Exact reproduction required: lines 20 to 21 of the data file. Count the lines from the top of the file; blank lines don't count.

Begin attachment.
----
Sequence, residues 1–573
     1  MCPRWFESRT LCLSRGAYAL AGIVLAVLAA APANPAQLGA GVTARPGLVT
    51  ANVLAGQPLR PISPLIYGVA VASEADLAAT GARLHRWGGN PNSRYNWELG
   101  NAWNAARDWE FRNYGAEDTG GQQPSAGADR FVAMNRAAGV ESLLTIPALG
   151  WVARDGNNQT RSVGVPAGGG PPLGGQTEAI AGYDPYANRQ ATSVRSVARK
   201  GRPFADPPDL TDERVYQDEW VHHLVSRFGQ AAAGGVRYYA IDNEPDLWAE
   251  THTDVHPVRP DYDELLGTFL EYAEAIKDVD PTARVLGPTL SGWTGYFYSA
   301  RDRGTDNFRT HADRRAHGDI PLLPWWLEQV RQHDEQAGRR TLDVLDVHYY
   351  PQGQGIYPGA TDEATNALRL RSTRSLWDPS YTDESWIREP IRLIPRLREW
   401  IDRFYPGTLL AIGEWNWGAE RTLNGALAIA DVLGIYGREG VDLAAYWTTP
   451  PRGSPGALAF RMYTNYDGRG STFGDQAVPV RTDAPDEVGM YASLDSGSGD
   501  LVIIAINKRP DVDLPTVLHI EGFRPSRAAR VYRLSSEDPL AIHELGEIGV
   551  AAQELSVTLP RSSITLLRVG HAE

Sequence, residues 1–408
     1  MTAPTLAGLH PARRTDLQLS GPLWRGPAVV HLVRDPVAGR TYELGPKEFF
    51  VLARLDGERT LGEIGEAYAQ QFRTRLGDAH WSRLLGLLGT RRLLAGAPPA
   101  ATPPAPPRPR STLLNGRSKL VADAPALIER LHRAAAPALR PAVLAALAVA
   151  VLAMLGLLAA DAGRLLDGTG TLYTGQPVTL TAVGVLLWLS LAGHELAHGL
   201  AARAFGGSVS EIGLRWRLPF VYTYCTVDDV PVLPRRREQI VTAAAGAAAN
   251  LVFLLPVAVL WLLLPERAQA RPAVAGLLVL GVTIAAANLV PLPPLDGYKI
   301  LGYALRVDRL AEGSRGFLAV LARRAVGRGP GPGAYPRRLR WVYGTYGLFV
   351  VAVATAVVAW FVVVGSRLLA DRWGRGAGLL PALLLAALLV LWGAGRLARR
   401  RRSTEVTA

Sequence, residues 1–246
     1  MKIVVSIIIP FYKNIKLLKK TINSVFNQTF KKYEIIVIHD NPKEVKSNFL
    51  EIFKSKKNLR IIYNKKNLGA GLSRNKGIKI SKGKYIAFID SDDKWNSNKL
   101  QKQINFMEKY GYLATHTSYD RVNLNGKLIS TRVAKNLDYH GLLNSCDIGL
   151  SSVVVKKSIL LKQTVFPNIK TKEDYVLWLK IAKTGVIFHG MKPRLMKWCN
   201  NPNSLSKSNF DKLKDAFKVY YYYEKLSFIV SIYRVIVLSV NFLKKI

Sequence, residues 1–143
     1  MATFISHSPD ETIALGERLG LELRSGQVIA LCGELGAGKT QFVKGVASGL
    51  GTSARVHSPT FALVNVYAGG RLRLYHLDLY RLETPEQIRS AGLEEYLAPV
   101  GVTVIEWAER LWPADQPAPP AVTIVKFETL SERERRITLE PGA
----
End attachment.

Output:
   251  LVFLLPVAVL WLLLPERAQA RPAVAGLLVL GVTIAAANLV PLPPLDGYKI
   301  LGYALRVDRL AEGSRGFLAV LARRAVGRGP GPGAYPRRLR WVYGTYGLFV